Nora Bennis (11 November 1940 – 11 February 2019) was an Irish housewife and political activist from Limerick, who was a prominent advocate of traditional Catholic family values in the 1990s.
Early and personal lifeEdit
Bennis was born Nora Shinners, the daughter of Paul Shinners, a veteran of the Easter Rising and Fianna Fáil supporter who emigrated to England and returned to Limerick after marrying Margaret, with whom he had five children. Aged 22, Nora married Gerry Bennis, who worked for Telecom Éireann and was prominent in Limerick GAA; his brothers Richie and Phil both won a 1973 All-Ireland hurling medal. Nora and Gerry had three daughters (Gráinne, Aéidín and Muirne) and an adopted son (Rory). She taught Irish dance.
Bennis began her activism after going to a 1990 conference in Brighton hoping to hear Mother Teresa, who did not attend. She was impressed by speakers who criticised the "liberal agenda". After the 1992 X case reopened Ireland's abortion debate, she started Women Working at Home and the Irish Mothers Working at Home Association, as a support network for housewives who felt isolated or ignored. She criticised the Department of Education's sex education program as being values-free, and its "Stay Safe" program of child sexual abuse awareness as undermining parental authority.
In 1994 she became leader of the Solidarity Movement, an alliance of independent political candidates linked to the Family Solidarity pressure-group. She stood as an independent in Munster in the 1994 European Parliament election, getting 5% of the first-preference vote. This unexpectedly strong showing increased her media profile. In 1995 the Solidarity Movement was part of the "No to Divorce" campaign, one of two coalitions which opposed the successful 1995 referendum to introduce divorce. After the referendum, she founded the National Party, which was anti-abortion and proposed a £100 allowance for non-working mothers. She stood for the party in Limerick East in the general elections of 1997 and 2002 and the 1998 by-election, receiving progressively fewer votes.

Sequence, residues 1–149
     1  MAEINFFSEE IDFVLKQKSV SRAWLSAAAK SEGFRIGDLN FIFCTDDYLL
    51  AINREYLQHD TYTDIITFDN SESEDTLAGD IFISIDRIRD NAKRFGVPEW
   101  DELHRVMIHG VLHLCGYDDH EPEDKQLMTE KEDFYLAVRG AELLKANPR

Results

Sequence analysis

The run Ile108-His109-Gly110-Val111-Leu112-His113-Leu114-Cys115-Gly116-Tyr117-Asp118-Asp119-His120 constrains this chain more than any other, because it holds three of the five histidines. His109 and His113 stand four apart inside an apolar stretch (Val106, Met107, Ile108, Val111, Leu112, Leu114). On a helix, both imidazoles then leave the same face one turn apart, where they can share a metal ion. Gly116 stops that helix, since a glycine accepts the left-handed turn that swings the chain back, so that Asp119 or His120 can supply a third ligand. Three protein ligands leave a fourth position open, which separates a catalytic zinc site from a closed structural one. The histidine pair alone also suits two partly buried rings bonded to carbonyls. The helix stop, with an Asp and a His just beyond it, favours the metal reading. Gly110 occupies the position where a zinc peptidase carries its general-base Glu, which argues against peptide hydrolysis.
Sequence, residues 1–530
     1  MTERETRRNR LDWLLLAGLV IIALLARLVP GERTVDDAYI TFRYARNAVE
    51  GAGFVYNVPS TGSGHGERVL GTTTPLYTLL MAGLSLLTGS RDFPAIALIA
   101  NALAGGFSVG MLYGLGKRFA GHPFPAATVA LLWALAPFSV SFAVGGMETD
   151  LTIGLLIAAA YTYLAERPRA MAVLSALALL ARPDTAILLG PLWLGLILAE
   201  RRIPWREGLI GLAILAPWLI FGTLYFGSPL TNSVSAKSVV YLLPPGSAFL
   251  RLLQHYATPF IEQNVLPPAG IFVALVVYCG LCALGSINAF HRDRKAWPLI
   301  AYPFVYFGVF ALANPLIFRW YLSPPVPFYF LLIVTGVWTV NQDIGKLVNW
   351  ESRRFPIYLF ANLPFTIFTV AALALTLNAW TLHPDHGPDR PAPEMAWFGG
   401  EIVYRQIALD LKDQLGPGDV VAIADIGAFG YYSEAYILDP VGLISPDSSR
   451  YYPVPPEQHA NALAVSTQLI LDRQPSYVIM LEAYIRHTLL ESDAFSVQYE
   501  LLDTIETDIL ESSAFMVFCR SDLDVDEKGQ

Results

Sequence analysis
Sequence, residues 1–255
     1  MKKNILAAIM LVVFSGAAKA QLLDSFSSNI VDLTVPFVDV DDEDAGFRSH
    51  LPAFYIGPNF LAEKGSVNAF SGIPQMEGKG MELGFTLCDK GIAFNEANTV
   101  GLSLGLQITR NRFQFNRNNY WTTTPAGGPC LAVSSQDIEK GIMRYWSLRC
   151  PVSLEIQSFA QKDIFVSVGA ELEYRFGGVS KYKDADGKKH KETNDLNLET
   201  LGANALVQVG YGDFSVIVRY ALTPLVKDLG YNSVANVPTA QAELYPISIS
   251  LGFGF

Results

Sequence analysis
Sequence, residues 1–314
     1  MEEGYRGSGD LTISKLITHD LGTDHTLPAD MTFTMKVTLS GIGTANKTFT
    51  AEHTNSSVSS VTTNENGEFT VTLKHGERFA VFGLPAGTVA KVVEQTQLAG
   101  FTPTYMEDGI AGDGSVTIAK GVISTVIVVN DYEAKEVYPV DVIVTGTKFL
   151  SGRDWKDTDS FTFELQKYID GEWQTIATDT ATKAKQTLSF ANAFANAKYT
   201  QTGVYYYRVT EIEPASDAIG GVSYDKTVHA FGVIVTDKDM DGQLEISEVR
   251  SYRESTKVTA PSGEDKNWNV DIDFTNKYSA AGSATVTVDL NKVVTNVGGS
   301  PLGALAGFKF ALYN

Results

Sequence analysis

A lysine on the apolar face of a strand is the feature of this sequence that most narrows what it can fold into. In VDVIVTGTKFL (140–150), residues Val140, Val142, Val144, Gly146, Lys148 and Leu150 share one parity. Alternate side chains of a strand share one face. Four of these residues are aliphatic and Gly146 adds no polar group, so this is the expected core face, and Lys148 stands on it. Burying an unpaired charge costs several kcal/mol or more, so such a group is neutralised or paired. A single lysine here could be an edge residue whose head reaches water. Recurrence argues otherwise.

Bennis was spokesperson for Catholic Democrats (previously named National Party and the Christian Democrats) and secretary of Mothers Alliance Ireland; both groups opposed the 2012 children's rights amendment. She formed a group called Alliance of Parents Against the State, intended to co-ordinate opposition to the amendment. She claimed the amendment would put children "in grave danger of being legally snatched by the State".
Bennis was one of three substitutes for Catholic Democrats candidate Theresa Heaney in the South constituency in the 2014 European elections. She was a candidate in the 2016 General Election in the Limerick City constituency, where she failed to be elected, receving 1.4% of the first-preference vote.
Bennis died in Limerick on 11 February 2019, aged 78.
- "You know who I am, and what I stand for". The Irish Times. 26 May 1997. Retrieved 9 November 2012.
You can tell by the smile lines around her 56 year old eyes.
- Cathy Halloran (11 February 2019). "Campaigner Nora Bennis dies in Limerick aged 78". RTÉ. Retrieved 2 March 2019.
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Nora Bennis, who is married to Richie Bennis’s brother, Gerry
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